Bureau Steps Up to Protect Investors as New Financial Services Business Models Come Under Regulators’ Scrutiny
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NEWARK – Acting Attorney General Andrew J. Bruck today announced that the Bureau of Securities has issued a Summary Cease and Desist Order to stop a financial services company based in Jersey City from selling unregistered securities in the form of interest-earning cryptocurrency accounts that have raised at least $14.7 billion worldwide.
BlockFi, Inc. (“BlockFi”), through its affiliates BlockFi Lending, LLC (“BlockFi Lending”) and BlockFi Trading, LLC, has been funding its cryptocurrency lending operations and proprietary trading at least in part through the sale of unregistered securities in violation of the Securities Law, according to the Order the Bureau issued yesterday.
“Our rules are simple: if you sell securities in New Jersey, you need to comply with New Jersey’s securities laws,” said Acting Attorney General Bruck. “No one gets a free pass simply because they’re operating in the fast-evolving cryptocurrency market. Our Bureau of Securities will be monitoring this issue closely as we work to protect investors.”
The Bureau’s action comes amid rising concerns over the proliferation of decentralized finance platforms like BlockFi that seek to reinvent traditional financial systems such as banks and brokerages for digital asset investors. Unlike traditional, regulated banks and brokerage firms, however, investors’ losses are not insured against or protected by the Federal Deposit Insurance Corporation or Securities Investor Protection Corporation. Further, these decentralized finance platforms, which are not currently registered or licensed, present a heightened risk of loss to investors.
“Cryptocurrency investment products offered and sold on decentralized finance platforms carry significant risks, even beyond those associated with the volatility of cryptocurrency,” said Kaitlin Caruso, Acting Director of the Division of Consumer Affairs. “Platforms like BlockFi may mirror the traditional financial structures that we know and trust, but in reality they can leave investors extremely vulnerable.”
BlockFi allows investors to purchase a BlockFi Interest Account by depositing certain eligible cryptocurrencies – including Bitcoin and Ethereum – into accounts at BlockFi. BlockFi then pools these cryptocurrency deposits together to fund its cryptocurrency lending operations and proprietary trading. In exchange for investing in the BlockFi Interest Accounts, investors are promised an attractive interest rate that is paid monthly in cryptocurrency.
The Order’s findings include that, despite advertising on its website that BlockFi is a ‘US regulated’ entity that ‘play(s) by the rules,’ BlockFi fails to disclose to investors that its BlockFi Interest Accounts are not registered with the Bureau or any other securities regulator, or exempt from registration.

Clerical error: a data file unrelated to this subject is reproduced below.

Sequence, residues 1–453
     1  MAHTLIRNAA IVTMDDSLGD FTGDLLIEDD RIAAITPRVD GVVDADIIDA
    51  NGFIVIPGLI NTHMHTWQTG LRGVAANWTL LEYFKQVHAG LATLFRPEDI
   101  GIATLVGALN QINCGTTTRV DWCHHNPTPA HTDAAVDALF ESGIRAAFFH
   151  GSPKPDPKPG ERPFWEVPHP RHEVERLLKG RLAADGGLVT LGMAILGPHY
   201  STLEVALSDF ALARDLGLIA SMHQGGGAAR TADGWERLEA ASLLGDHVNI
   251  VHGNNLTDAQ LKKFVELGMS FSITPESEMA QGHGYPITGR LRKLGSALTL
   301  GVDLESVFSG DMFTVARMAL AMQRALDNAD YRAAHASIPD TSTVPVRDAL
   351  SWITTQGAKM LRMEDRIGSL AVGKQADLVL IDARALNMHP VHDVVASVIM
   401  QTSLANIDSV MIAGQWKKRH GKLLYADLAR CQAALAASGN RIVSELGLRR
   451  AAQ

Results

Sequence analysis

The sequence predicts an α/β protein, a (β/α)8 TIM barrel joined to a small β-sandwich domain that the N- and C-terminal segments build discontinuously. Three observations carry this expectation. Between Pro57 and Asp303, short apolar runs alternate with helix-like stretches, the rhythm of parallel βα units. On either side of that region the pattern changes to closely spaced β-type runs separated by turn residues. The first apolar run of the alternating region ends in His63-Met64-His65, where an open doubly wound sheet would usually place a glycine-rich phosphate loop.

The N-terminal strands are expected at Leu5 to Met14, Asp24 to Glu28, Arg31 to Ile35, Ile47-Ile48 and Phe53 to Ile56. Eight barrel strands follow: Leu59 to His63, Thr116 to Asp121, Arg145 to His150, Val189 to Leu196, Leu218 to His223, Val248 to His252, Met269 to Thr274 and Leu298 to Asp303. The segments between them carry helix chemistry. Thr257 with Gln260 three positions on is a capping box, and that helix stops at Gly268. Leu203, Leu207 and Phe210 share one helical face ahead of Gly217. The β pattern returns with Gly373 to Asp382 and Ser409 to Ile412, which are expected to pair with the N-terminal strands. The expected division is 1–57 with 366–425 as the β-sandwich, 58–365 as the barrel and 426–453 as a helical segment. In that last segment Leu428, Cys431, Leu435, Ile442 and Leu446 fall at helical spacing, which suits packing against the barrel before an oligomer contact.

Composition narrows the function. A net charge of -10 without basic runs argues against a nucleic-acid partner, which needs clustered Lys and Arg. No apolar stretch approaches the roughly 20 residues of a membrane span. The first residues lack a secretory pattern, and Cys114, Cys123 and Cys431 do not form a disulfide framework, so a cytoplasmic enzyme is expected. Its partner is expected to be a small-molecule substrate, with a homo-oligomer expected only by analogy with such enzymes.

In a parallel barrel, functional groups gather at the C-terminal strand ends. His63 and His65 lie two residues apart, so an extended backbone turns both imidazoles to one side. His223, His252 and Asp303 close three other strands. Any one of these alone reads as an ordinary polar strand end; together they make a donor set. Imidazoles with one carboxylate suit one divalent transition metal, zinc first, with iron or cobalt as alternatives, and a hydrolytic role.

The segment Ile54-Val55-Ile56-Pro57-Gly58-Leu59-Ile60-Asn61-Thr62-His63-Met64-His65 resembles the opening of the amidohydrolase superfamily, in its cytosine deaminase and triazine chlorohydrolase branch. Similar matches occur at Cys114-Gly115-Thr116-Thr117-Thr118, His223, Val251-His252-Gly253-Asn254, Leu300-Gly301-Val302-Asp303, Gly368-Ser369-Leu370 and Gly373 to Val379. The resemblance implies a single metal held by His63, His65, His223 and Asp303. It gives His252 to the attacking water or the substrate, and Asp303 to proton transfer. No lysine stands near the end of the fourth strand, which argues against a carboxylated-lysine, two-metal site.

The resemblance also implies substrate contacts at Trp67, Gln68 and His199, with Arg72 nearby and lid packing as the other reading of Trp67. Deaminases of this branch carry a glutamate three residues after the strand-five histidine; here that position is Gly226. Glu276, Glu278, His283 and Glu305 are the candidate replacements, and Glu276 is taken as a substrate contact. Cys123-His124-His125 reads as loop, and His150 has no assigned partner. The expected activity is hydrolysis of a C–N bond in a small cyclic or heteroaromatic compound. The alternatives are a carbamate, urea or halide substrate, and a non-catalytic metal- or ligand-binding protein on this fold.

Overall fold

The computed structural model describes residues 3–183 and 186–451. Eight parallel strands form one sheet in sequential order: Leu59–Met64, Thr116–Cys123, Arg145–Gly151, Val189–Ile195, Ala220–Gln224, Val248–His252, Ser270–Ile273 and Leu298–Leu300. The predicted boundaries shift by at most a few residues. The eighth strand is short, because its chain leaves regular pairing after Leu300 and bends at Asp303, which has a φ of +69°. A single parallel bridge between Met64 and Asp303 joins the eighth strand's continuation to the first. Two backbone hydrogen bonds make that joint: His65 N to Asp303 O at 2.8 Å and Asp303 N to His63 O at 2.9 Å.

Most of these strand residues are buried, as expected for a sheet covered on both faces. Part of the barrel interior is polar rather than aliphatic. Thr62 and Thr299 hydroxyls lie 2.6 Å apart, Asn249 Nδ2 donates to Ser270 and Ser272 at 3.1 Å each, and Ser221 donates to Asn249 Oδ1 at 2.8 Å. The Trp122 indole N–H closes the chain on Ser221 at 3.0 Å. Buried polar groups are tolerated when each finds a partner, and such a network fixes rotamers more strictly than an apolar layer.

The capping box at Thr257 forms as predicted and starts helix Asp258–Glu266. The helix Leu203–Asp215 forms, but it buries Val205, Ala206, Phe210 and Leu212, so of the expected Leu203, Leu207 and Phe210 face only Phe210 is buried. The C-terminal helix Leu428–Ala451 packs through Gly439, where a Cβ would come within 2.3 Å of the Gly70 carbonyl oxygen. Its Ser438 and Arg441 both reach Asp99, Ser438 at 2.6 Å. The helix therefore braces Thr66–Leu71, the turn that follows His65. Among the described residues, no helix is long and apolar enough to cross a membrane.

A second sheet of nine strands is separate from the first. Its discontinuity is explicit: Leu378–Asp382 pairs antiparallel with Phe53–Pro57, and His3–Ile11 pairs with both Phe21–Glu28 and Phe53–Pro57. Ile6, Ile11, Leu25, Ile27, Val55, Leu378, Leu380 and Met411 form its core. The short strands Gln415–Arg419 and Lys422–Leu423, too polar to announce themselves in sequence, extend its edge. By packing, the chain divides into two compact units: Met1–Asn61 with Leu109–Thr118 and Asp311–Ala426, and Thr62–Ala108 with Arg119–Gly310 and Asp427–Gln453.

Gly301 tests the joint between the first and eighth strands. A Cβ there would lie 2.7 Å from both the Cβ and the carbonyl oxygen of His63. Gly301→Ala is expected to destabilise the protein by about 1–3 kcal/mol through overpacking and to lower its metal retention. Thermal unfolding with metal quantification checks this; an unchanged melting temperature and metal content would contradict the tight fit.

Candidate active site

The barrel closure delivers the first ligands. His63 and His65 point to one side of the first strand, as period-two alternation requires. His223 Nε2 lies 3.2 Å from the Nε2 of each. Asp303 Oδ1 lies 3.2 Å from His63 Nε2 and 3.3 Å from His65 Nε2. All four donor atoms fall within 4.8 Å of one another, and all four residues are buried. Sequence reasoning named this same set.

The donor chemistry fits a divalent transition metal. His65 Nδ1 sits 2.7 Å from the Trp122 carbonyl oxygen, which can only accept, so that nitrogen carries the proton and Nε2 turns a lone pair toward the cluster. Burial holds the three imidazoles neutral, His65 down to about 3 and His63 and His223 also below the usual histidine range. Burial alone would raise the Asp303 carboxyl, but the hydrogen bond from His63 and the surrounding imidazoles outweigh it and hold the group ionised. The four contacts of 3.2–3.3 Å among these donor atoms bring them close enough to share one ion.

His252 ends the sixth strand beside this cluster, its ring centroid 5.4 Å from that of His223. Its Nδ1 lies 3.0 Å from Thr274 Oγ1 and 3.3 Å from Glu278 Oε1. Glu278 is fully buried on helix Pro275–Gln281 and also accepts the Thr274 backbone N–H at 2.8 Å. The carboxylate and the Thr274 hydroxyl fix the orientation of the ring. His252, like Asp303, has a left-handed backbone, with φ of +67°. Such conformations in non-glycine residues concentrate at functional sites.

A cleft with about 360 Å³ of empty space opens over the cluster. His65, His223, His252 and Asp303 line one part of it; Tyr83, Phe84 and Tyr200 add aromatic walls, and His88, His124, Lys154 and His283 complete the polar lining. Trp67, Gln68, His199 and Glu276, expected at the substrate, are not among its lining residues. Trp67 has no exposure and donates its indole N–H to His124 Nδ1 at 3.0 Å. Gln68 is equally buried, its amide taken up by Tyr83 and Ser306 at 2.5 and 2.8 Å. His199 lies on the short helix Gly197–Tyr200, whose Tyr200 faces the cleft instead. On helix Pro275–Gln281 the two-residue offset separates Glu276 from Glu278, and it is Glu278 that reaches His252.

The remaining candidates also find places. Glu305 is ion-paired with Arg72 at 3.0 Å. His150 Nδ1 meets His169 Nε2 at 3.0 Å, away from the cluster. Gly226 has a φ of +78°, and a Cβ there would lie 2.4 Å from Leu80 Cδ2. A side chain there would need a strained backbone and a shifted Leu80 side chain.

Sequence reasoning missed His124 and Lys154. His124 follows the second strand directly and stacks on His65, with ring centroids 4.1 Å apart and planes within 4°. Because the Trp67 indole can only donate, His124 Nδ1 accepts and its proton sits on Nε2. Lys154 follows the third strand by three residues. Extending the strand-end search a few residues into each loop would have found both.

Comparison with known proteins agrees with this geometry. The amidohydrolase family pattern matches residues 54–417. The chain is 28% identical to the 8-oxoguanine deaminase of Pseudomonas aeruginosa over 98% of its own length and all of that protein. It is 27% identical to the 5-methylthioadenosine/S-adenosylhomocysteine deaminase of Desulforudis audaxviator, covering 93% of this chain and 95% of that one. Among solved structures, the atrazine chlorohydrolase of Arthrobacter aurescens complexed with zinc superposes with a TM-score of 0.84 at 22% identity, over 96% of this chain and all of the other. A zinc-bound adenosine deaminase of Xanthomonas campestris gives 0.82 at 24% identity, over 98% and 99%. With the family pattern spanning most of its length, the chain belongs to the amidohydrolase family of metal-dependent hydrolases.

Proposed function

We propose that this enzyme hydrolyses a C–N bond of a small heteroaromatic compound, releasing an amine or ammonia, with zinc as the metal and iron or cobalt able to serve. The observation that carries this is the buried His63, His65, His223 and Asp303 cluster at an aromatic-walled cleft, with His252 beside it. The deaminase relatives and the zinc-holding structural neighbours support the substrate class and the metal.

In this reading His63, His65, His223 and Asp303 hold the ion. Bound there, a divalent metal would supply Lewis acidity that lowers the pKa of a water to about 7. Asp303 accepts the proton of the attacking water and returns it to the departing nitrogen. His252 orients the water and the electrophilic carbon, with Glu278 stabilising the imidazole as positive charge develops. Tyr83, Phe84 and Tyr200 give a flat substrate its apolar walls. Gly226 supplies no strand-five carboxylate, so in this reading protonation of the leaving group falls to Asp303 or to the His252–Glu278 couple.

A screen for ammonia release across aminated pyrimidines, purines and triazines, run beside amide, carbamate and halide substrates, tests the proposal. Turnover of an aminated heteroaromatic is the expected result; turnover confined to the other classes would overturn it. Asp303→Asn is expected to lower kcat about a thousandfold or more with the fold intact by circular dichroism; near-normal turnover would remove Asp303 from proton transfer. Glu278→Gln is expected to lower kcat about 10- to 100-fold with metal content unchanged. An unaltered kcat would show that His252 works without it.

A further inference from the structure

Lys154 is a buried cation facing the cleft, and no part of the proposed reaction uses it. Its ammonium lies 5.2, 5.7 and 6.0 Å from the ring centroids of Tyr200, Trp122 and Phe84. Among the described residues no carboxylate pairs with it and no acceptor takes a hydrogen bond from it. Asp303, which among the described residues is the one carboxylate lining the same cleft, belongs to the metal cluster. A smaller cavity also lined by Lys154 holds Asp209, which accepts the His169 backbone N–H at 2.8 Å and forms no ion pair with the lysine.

The BlockFi website contains a “Disclosure and Complaints” page that advises dissatisfied investors to contact BlockFi’s Customer Service online before contacting their local jurisdiction to file a complaint. It then provides a list of state banking regulators and their contact information.
However, as stated in the Order, BlockFi fails to explain that state banking regulators such as the New Jersey Department of Banking and Insurance do not license the BlockFi Interest Accounts, or that complaints should instead be filed with the New Jersey Bureau of Securities because the BlockFi Interest Accounts are securities.
BlockFi already does not offer its interest-bearing accounts to residents of New York and certain other jurisdictions, presumably because of the laws in those jurisdictions.
“When it comes to cryptocurrency financial products, we urge investors to look beyond the promise of heightened returns and approach them with extreme caution,” said Bureau Chief Christopher W. Gerold. “As the online cryptocurrency-related investment market continues to evolve, the Bureau will continue to enforce the securities laws to safeguard the public.”
The Bureau’s investigation was handled by Deputy Chief Amy Kopleton and Investigator Delfin Rodriguez of the Bureau of Securities, within the Division of Consumer Affairs. The Bureau is represented by Assistant Attorney General Brian F. McDonough and Deputy Attorneys General Victoria A. Manning and Evan A. Showell, Section Chief and Assistant Section Chief, respectively, of the Securities Fraud Prosecution Section of the Division of Law within the Division of Law’s Affirmative Civil Enforcement Practice Group.
The Bureau is charged with protecting investors from investment fraud and regulating the securities industry in New Jersey. It is critical that investors “Check Before You Invest.” Investors can obtain information, including the registration status and disciplinary history, of any financial professional doing business to or from New Jersey, by contacting the Bureau toll-free within New Jersey at 1-866-I-Invest (1-866-446-8378) or from outside New Jersey at (973) 504-3600, or by visiting the Bureau’s website at www.NJSecurities.gov. Investors can also contact the Bureau for assistance, or to raise issues or complaints about New Jersey-based financial professionals or investments.